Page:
No one can accuse Dizzee Rascal of poor quality control. Considering the time between his albums—Showtime is three years old by now—he doesn’t seem in a rush to put his work out. Instead, he takes his time and has made two fantastic and original albums to date. Now, he has returned with Maths & English, and while his other albums set an awfully high bar, Rascal manages to outdo himself, releasing one of the most memorable and challenging hip-hop albums in recent memory.
To call it challenging could be, in one way, misleading. Song by song Maths & English isn’t really challenging at all. Some songs are funny, some more deadpan; but if you’re listening for singles the greatest challenge might be the few listens it takes to totally pin down what Dizzee is saying. But when these songs start bouncing off of each other, the album takes on new meaning, crafting a picture of Dizzee Rascal as an artist, and person, often confused and worried about the world and his place in it. His emotions are all over the map on the record and what initially sounds like a disconnected, unfocused album becomes something far murkier and more honest than most hip hop fare.
There are a few times on the album where the sequencing is downright jarring. Take opener “World Outside”. The song is spare and intense as Dizzee begins by saying “I got shit I want to share with you” as he launches into a confessional about his past before getting to the chorus where he says “There’s a world outside of the ghetto and I want you to see it”. As an album starter, it presents Dizzee Rascal as weary and concerned, seeking to lead by example but hampered by a thick layer of worry. It’s a fantastic song full of honest anger and hope butting up against each other.
But then the song that follows it seems to make no sense. The crassly-titled “Pussy’ole” concerns itself, as much hip-hop does, with fakeness. It could be just another ego-driven rap song, where Dizzee claims to be realer than whoever might be listening, and since its set so early in the album, this could be an easy misinterpretation. In fact, that this song comes second might be the one of the only mistakes to be found on Maths & English. Placed later in the album, this song might reflect Dizzee’s objective more clearly.
For example, in “Where da G’s”, in the middle of the album, Dizzee takes a shot again at fake rappers, but the motives are clear. Unlike many current day rappers, Dizzee doesn’t fall into the trap of defensive posturing when he calls out poseurs. His concern is for hip-hop as a whole, and by extension his way of life. He seems to constantly seek, even when attacking others, to figure himself out. On “Paranoid”, he raps about his own self-destructive thoughts, how he knows his mistrust of people around him is mostly irrational. But still, when he sings the chorus—“They want to rinse me out, use me up, cast me down, fuck me up”—he sings it with conviction, pulling the listener into his delusion in a very human way.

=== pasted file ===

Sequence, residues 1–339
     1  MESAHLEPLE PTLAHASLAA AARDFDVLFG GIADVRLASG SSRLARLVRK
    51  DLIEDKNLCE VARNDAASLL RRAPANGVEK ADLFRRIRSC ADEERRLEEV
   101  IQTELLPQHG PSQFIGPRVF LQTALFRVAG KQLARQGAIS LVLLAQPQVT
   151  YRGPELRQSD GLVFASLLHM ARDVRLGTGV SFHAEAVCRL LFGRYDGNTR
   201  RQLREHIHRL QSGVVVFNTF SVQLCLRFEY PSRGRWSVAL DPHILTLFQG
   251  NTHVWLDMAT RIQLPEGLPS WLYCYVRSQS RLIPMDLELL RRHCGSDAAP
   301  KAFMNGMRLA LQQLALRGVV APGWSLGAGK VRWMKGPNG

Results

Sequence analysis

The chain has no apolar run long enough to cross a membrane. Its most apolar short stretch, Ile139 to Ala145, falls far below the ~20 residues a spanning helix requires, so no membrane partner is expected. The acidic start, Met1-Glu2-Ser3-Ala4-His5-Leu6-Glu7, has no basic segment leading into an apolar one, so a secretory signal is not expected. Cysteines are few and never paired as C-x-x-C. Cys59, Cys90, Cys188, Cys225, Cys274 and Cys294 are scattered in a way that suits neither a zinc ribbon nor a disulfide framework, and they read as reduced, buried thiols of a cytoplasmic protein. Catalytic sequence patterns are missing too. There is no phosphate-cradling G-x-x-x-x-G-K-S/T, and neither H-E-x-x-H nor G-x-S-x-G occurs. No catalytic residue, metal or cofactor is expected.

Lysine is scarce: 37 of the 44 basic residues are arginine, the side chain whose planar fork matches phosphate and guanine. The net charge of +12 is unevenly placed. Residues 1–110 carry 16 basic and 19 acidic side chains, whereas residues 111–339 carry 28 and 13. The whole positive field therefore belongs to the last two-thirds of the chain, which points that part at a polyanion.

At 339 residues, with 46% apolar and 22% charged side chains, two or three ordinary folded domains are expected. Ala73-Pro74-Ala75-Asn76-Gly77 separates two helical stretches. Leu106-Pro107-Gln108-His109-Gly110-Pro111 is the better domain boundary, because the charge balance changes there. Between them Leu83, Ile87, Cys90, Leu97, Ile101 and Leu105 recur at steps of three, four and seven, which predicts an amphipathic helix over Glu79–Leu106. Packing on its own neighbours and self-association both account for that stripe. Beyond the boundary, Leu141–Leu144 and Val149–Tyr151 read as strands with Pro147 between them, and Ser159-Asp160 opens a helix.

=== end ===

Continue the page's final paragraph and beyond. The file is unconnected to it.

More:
It’s not that these topics have never been covered by hip-hop before, but in a genre increasingly driven by persona, Dizzee Rascal is a gritty but earnest breath of fresh air. Even when he is braggadocios—like on “Bubbles”—he doesn’t overdo it, and since the track isn’t cast against an album full of self-congratulatory wanking, not only does the listener not begrudge Dizzee a moment of bragging, they end up encouraging it, feeling as if its been earned.
Because, well, Dizzee Rascal has earned the right to puff his chest out a little if he wants. His flow is as varied as the beats are on Maths & English and both are as strong as they’ve ever been. Where a few of the beats on Showtime fell short, there isn’t one here that disappoints. And Dizzee isn’t afraid to have a sense of humor either. He and Lily Allen turn in a brilliant performance with “Wanna Be”, a hilarious and utterly catchy track where Ms. Allen asks, “What you know about being a hard man, your mom buys your bling?” It as fun as anything the disc has to offer. But it is once again set in front of a slate serious song.
Closer “U Can’t Tell Me Nuffin’” finds Dizzee at his most angry. It is a fitting end to an album as full of frustration as it is full of hope, as tragic as it is funny, as crass and bombastic as it is intensely personal. This is an album packed with a number of equations: Dizzee Rascal as grimy rapper, as music star, as angry young man, as concerned and hopeful world citizen. That none of these “equations” supplies a full answer for itself makes the album more honest than frustrating. Dizzee seems to know enough to know he doesn’t know it all.
Maths & English is sprawling and as fun to listen to as it is tricky to follow. And while this album can be appreciated on pretty much any level, shallow or deep, close listens will reveal some truly rewarding complications. While Dizzee Rascal claims, on the rabid-spit first single “Sirens”, that his life “ain’t nothing like Eastenders” it isn’t just a funny observation of our reliance on pop culture to explain real life; it is also a call to the listener to pay attention, to break through Dizzee Rascal the music persona, and get a glimpse, however incomplete it might be, of Dizzee Rascal the man.
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